Taxpayers Prop Up Cars That Won’t Run on Their Own

2011 Nissan Leaf electric car at the 2011 Washington Auto Show

2011 Nissan Leaf electric car at the 2011 Washington Auto Show (Photo credit: Mario Roberto Duran Ortiz)

I was recently asked why I don’t like electric cars.

So, let me be clear, I love the concept of an electric car.

What I don’t like is the concept that the government is subsidizing the development and purchase of electric cars at the expense of the taxpayers and their competitors.

I hate that Obama’s 2013 budget would increase the tax credit for electric cars, like the Chevy Volt, Nissan Leaf, Tesla Roadster and Fiskar Karma from $7,500 to $10,000 per vehicle.  What’s more, this taxpayer subsidy would be an instant credit just like a manufacturer rebate.  Not shocking considering the U.S. government still owns more of the struggling Volt’s manufacturer, General Motors, than anyone else.

In the Ayn Rand classic Atlas Shrugged, there are two steel magnates – Hank Reardon and Orrin Boyle.  Reardon develops a new, lighter weight, stronger steel known as Reardon Metal, and Boyle uses the government to deny the introduction of the metal into the marketplace.  Boyle, the consummate D.C. corporate crony socialist, pulls all of his strings in a failed attempt to break Reardon.

In today’s world, Boyle would not only get favorable environmental, labor and location subsidies, he would be in the front of the line for a Department of Energy “loan” and the president would be announcing “instant rebate tax credits” to make his steel more competitive with the value offered by his competitors.

What I don’t like about the electric car boondoggle is that these are not entrepreneurs testing their wits to solve very hard problems, risking their time and fortune to create a better vehicle.  No, instead they are risk averse investors who are willing to spend taxpayers money to develop a product, making their fortunes by slicing off portions of the government propped up venture to sell to other risk averse investors.

In the world of Chevy Volt, Fiskar Motors and Tesla, the taxpayer takes the risk, and a few friends of Obama make fortunes greater than anything they previously imagined.  When reward is separated from risk, the entire incentive of the capitalist system gets thrown out of whack, to the detriment of each and every one of us.

Unfortunately for the president, he decided to announce this special $10,000 gift from taxpayers to electric car purchasers within the same seven day period that Chevy announced that they were shutting down the Volt line for five months due to abysmal sales.  To double his bad luck, Fiskar Motors had Consumer Reports conduct a test drive of their new Karma, and to say the results went badly would be generous.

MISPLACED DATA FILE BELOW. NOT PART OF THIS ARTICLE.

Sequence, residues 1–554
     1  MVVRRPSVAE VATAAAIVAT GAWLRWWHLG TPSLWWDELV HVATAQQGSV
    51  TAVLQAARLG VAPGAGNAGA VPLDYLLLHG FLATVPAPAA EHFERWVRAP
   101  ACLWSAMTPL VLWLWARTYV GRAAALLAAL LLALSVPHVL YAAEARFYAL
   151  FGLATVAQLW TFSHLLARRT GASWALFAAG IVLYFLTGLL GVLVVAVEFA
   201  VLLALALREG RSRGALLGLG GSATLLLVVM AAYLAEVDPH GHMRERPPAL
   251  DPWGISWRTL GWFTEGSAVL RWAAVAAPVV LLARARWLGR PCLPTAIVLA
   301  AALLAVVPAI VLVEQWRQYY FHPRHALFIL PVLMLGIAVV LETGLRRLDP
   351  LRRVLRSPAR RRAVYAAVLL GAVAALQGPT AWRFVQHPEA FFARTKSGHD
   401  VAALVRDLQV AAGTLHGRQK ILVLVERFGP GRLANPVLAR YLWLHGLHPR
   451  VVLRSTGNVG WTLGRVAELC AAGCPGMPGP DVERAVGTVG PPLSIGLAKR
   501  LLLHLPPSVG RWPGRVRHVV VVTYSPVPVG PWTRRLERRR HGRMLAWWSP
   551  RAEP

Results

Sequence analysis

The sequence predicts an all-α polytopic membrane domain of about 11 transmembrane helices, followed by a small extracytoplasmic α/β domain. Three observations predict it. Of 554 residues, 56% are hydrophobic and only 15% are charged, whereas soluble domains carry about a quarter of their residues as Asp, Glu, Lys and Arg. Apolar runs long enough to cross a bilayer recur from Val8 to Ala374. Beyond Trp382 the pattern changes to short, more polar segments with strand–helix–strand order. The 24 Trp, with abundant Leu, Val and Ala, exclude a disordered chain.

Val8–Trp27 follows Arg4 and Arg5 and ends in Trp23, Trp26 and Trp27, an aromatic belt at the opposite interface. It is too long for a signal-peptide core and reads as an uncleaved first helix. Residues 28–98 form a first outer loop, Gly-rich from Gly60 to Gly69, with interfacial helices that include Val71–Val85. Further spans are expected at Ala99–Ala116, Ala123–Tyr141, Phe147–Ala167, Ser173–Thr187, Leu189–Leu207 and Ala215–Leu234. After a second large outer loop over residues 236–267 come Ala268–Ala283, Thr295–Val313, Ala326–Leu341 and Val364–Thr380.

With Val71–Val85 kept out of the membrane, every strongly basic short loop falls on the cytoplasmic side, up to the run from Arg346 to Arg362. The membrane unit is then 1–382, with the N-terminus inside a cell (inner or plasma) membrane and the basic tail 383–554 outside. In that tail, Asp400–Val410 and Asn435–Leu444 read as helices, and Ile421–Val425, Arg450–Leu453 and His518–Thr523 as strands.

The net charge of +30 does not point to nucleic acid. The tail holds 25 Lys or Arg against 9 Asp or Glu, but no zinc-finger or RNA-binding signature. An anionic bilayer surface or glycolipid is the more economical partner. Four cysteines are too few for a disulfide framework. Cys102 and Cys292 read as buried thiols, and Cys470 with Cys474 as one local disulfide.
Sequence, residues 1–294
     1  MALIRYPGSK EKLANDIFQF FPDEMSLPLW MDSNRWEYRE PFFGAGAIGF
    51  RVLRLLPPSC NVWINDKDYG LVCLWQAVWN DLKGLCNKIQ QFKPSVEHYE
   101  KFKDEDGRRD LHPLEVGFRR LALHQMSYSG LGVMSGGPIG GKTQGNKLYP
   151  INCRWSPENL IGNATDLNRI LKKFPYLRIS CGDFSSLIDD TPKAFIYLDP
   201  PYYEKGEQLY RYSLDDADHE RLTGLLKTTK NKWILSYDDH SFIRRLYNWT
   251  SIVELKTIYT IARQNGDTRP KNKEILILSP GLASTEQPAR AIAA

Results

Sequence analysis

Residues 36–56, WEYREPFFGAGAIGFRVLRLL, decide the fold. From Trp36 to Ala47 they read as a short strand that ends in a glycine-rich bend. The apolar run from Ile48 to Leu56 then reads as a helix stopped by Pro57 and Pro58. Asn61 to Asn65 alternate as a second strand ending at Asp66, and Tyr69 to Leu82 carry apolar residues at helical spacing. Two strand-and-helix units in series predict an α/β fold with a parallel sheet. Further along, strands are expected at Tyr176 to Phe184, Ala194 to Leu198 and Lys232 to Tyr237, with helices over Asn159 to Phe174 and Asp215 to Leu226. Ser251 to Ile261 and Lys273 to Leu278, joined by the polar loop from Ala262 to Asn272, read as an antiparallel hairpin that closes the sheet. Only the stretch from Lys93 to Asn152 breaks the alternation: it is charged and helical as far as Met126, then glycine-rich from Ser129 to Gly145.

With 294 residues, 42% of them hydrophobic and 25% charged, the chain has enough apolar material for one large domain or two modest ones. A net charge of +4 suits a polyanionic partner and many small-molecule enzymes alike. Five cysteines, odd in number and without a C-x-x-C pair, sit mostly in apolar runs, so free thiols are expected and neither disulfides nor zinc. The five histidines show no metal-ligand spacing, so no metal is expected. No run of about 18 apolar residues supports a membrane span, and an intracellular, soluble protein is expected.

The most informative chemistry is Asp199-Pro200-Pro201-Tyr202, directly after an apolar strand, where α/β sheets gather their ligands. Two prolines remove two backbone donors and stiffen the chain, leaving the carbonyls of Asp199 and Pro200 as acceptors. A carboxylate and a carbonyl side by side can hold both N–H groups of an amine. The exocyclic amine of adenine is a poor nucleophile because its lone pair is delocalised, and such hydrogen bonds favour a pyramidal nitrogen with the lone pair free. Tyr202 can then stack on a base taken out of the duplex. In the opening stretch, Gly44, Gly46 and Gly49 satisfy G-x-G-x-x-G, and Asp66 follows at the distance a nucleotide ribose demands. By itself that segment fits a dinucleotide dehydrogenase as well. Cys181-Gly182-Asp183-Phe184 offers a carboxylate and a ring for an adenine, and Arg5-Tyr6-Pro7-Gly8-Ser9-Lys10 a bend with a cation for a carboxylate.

Here is what msnbc.com reports happened, “On Wednesday, Consumer Reports engineers were just starting to calibrate the Karma’s speed by driving 65 miles per hour down the magazine’s test track in East Haddam, Connecticut, Champion said.

“During the gentle run down the track, a light on the dashboard came on,” he said, referring to the battery light.

The speed test was completed despite the light on the control panel, but after it was parked, officials were unable to get the car restarted.

A spokesman for A123 Systems, which makes the Karma batteries, could not be reached.

That’s right the $100,000 Karma couldn’t complete the Consumer Reports testing.  This is right up with the stories out of General Motors in the early 1970s when they were hurriedly developing the energy efficient Chevy Vega.  You see the hastily constructed Vega was scheduled to go to market, but it had a problem, the initial test vehicle broke apart on the track during initial testing – setting the ill-fated car back a year in production.  Of course, most people who remember the Vega associate it with another problem – its aluminum engine block melted at high temperatures – making the car one of the most ill-conceived in history.

Of course, the Chevy Vega failing cost GM stockholders money and probably some executives their jobs, but should Fiskar fail, it would cost U.S. taxpayers almost $200 million.  In addition, there would likely be a second taxpayer hit of $249 million due to Obama’s green loan/grant team’s “investment” in equally troubled Fiskar battery maker A123.

Apart from not working during its Consumer Reports test, Fiskar has played a great public relations game as Titannic star Leonardo DiCaprio was the first recipient of the car and Justin Bieber received one for his 18th birthday on the Ellen DeGeneres Show.

However, I just cannot root for a $100,000 car where the taxpayers take the up front development risks.   So, when I read about Fiskar’s failed Consumer Reports test, I couldn’t help think – “now that’s karma.”

Comments are closed.